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News and stuff

News - 23 July 2008 - Article by Tom Geoghegan

What was Monkey all about?

The 1970s cult TV series is now an opera and its characters front the BBC Olympics coverage. But it's a mystery to those who never watched it. What on earth was Monkey about?

Say the two words "Monkey Magic" to a man in his late 30s and he'll turn into a child, putting on a funny voice and then moving his lips in exaggerated fashion.

A Japanese television series based on a 16th Century Chinese novel, badly dubbed in English, does not sound like a sure-fire children's hit. But Monkey - or Monkey Magic as it became known in the UK - was an unlikely success.

Fed a late-70s television diet of Multi-Coloured Swap Shop, The Six Million Dollar Man and the Red Hand Gang, youngsters watching Monkey on BBC Two one evening a week saw something completely different. And in the coming months, the characters that gripped a generation could find a new legion of fans.

An opera based on the famous Chinese novel that inspired the series, Journey to the West, opens in London a year after its Manchester premiere. Monkey: Journey to the West is another collaboration between Gorillaz creators Damon Albarn, who pens the music, and graphic artist Jamie Hewlett.

Hewlett has also designed the characters fronting the BBC's coverage of the Olympics in Beijing. "This is going to be the summer of Monkey," he declared last week.

For die-hard fans, the fascination has never dimmed. Although people aged under 33 could be discovering the characters for the first time, the popularity of the story has endured and the BBC series still enjoys cult status. There are several websites dedicated to it and a fan club on Facebook has 65,000 members.

But the collective memory of grown-up Monkey-watchers is a bit vague. They pick out certain motifs - Monkey riding a cloud, big sideburns, a headband, egg struck by lightning - but are a bit hazy on what was actually going on.

'Kung fu for kids'

Monkey was king of a monkey tribe and, as the memorable opening sequence explains, was hatched from an egg in a storm on a mountain top. He is later imprisoned under a mountain for disobeying the gods.

He is released by the young Buddhist monk Tripitaka, on the condition that he escorts him on a long journey to retrieve sacred scripts from India. They are joined by two other miscreant monsters in human form, Sandy and Pigsy.

So begins a series of encounters with demons and baddies, including some spectacular fight scenes, usually with Monkey using his magic staff that can grow in size. He can also fly on a cloud.

Tripitaka represents the moral force of the story, although he is probably best remembered for being played by a woman, in the finest panto tradition. He puts a headband on Monkey which he can tighten through prayer when Monkey steps out of line.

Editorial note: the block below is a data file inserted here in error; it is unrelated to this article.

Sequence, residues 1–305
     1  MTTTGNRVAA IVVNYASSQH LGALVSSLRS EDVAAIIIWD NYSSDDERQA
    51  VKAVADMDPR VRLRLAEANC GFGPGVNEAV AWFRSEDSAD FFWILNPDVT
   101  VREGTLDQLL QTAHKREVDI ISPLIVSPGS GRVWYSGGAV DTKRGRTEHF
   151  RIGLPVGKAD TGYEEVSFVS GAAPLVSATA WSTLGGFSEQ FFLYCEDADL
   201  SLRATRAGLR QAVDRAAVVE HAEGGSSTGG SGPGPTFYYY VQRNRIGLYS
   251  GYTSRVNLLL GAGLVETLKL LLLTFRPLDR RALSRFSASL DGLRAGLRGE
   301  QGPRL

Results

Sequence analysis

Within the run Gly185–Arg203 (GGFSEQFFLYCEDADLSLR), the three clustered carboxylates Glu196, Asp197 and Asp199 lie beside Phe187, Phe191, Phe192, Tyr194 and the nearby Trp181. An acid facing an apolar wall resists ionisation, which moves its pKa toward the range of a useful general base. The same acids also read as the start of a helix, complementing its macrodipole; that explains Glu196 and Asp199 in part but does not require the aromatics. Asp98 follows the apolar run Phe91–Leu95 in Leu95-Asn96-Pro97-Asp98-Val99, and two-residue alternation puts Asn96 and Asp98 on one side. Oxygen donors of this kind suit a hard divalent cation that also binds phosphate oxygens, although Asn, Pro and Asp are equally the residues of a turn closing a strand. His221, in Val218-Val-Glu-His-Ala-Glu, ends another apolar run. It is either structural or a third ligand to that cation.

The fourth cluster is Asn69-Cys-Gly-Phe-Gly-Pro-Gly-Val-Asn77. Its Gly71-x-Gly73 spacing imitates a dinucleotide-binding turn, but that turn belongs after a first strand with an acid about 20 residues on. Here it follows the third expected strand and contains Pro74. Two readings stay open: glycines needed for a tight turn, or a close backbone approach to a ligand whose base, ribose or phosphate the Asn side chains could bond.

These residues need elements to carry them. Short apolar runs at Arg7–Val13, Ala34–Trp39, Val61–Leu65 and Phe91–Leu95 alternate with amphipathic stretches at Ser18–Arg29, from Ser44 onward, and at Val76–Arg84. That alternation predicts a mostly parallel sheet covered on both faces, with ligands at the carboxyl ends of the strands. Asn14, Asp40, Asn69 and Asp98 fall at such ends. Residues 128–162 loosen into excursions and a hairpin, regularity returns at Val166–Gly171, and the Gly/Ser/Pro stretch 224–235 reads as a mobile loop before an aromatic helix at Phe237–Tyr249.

Guardian television critic Ali Catterall recalls rushing back from Cubs every week to watch it.

"It was kung fu for kids. Your older brother watched Bruce Lee and you would be into Monkey. It had dazzling storylines and it looked amazing. The day after at school, one of you would be Monkey and one would be Pigsy."

The one-dimensional characters play on children's recognition of archetypes from a young age, he says, and unlike the Water Margin, which was another Japanese adaptation of a Chinese novel, viewers could dip in and out of Monkey.

The stories in Monkey followed a formula, usually with the hero resolving in-fighting at the palace. "Pigsy fails to get off with pretty princess, Monkey plays up and Tripitaka admonishes him with ever-narrowing headband. It's joyous, partly because of its predictability but also because it was so fantastically realised."

For children's television, this was ground-breaking, says Lee Atkinson, 36, who runs a fans' website ( "No-one had done this at the time. We hadn't seen this on British television. As a kid it was easy to impersonate. The sound effects were easy to do with your mouth and we all like to swing broomsticks around and pretend we're kung-fu masters!"

The appeal as a child was the larger-than-life characters, he says.
"Pigsy was over-lustful, Sandy was over-philosophical and Monkey over-arrogant: Exact opposites of what Buddhism strives for and Tripitaka guides them on the way to enlightenment."

The television series never gets to the end of the story, but the novel reaches a resolution when Monkey learns to use his ego selflessly.

Playwright Colin Teevan, who adapted the story of Monkey for the Old Vic in 2001, says the journey becomes the sacred scripture the travellers are seeking.

"It's the story of the genius and the self-destructivity of mankind. Monkey is ingenious and witty and violent and impatient.

"He wants enlightenment and he wants it now but he does not know that one must journey and suffer to attain it. It's about what it is to be human - and it's about a monkey!"

How much the Buddhist themes resonated with the fan base in the UK is debatable.

And with a new generation used to sophisticated special effects, the magic of the original Monkey series may never be rekindled.

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